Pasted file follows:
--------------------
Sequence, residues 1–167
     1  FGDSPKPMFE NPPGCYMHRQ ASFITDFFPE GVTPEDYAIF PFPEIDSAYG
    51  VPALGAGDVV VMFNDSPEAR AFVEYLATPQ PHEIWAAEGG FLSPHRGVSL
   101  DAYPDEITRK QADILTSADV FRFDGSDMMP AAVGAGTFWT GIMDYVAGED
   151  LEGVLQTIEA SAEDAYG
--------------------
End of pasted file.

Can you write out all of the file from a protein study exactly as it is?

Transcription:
Sequence, residues 1–167
     1  FGDSPKPMFE NPPGCYMHRQ ASFITDFFPE GVTPEDYAIF PFPEIDSAYG
    51  VPALGAGDVV VMFNDSPEAR AFVEYLATPQ PHEIWAAEGG FLSPHRGVSL
   101  DAYPDEITRK QADILTSADV FRFDGSDMMP AAVGAGTFWT GIMDYVAGED
   151  LEGVLQTIEA SAEDAYG